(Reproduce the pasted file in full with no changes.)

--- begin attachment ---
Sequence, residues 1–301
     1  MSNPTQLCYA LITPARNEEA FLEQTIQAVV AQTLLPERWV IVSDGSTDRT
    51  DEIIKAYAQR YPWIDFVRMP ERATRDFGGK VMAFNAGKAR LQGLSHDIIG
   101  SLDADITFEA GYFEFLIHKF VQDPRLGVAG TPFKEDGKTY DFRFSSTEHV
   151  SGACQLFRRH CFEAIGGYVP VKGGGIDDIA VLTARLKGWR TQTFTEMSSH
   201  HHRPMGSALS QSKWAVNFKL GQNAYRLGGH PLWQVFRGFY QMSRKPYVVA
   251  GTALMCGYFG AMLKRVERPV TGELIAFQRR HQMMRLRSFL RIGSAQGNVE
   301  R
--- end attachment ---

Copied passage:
Sequence, residues 1–301
     1  MSNPTQLCYA LITPARNEEA FLEQTIQAVV AQTLLPERWV IVSDGSTDRT
    51  DEIIKAYAQR YPWIDFVRMP ERATRDFGGK VMAFNAGKAR LQGLSHDIIG
   101  SLDADITFEA GYFEFLIHKF VQDPRLGVAG TPFKEDGKTY DFRFSSTEHV
   151  SGACQLFRRH CFEAIGGYVP VKGGGIDDIA VLTARLKGWR TQTFTEMSSH
   201  HHRPMGSALS QSKWAVNFKL GQNAYRLGGH PLWQVFRGFY QMSRKPYVVA
   251  GTALMCGYFG AMLKRVERPV TGELIAFQRR HQMMRLRSFL RIGSAQGNVE
   301  R